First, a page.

Whether the Edge is good value for money really depends on your viewpoint. It's slightly larger than the Audi Q5 and Volvo XC60, yet costs less than both – especially when you factor in dealer discounts. However, before you go thinking that choosing an Edge will mean saving a lot of money, remember that it will depreciate far more quickly than its premium-badged rivals.
Whichever engine power output you choose, you'll get the same claimed fuel economy and CO2 emissions, which are decent rather than outstanding by class standards. That means the Edge is a reasonable choice as a company car; it'll certainly cost you far less each month than a Kia Sorento in benefit-in-kind salary sacrifices.
Equipment highlights for the cheapest Titanium model include 19in alloy wheels, sat-nav, front and rear parking sensors, heated front seats and a powered tailgate. Safety equipment is especially generous, with automatic emergency braking, lane assist and traffic sign recognition all fitted as standard.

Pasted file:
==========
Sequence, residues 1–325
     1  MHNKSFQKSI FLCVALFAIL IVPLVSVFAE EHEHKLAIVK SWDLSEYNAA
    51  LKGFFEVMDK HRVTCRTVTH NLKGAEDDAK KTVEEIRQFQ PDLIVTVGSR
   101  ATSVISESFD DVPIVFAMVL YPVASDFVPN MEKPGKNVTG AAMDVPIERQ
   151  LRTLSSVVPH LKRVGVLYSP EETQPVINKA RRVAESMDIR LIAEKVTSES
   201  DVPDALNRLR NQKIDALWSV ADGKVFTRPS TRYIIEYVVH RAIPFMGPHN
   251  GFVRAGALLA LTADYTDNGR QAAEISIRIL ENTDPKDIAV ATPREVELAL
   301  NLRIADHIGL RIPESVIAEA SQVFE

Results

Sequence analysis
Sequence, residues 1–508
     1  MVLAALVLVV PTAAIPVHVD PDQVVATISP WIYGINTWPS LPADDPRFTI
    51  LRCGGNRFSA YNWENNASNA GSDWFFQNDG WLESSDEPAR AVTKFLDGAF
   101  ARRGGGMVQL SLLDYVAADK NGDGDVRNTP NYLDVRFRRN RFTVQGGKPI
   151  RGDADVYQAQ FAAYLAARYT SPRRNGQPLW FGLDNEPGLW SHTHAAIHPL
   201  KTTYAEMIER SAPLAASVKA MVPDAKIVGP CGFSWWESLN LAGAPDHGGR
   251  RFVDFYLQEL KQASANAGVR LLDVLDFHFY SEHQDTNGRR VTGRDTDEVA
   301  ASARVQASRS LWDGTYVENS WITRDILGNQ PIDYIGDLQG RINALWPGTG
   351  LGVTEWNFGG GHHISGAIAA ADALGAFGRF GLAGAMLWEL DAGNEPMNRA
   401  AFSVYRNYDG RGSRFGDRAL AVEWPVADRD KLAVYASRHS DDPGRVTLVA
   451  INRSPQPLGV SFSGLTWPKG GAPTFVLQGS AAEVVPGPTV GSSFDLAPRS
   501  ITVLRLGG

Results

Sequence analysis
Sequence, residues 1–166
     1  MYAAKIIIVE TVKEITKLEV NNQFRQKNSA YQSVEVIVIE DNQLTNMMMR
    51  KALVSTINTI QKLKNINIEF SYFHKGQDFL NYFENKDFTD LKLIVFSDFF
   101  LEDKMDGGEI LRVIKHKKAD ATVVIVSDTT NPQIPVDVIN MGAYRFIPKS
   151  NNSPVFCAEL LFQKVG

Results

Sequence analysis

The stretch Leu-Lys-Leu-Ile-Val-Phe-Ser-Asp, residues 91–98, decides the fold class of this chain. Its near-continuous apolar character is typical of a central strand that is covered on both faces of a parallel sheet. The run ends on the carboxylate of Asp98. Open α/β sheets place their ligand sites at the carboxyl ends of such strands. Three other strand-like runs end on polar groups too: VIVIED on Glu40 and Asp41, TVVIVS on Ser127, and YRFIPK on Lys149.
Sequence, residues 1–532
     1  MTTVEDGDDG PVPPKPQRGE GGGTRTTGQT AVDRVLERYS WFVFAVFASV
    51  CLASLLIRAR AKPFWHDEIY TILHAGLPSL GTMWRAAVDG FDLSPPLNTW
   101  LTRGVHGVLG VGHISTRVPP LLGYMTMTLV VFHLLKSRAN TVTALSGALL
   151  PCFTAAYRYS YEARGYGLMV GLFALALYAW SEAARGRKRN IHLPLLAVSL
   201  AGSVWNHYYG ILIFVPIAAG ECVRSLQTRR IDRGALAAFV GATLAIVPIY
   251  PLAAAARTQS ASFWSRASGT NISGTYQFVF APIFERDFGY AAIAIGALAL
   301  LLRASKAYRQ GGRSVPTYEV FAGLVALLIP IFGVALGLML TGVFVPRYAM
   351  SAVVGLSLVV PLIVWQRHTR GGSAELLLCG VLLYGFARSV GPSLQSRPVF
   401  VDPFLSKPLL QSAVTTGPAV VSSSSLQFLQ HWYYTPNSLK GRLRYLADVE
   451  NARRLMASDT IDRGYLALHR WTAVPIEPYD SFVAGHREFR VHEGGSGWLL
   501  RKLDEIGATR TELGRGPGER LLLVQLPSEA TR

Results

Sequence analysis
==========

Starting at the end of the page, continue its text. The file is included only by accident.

Move up to ST-Line and you'll get a sportier look, bigger wheels and a Sony sound system, while the range-topping Vignale adds a luxury perforated leather interior. However, the more you spend, the less sense the Edge makes, so we reckon you're best off sticking with Titanium.
Ford produced a good showing in our latest reliability survey, finishing ninth out of 32 manufacturers included; that’s considerably better than the likes of BMW and Volvo. Ford also offers a reasonable three-year, 60,000-mile manufacturer’s warranty – roughly par for the course, although not as generous as Hyundai’s or Kia’s standard warranty cover.
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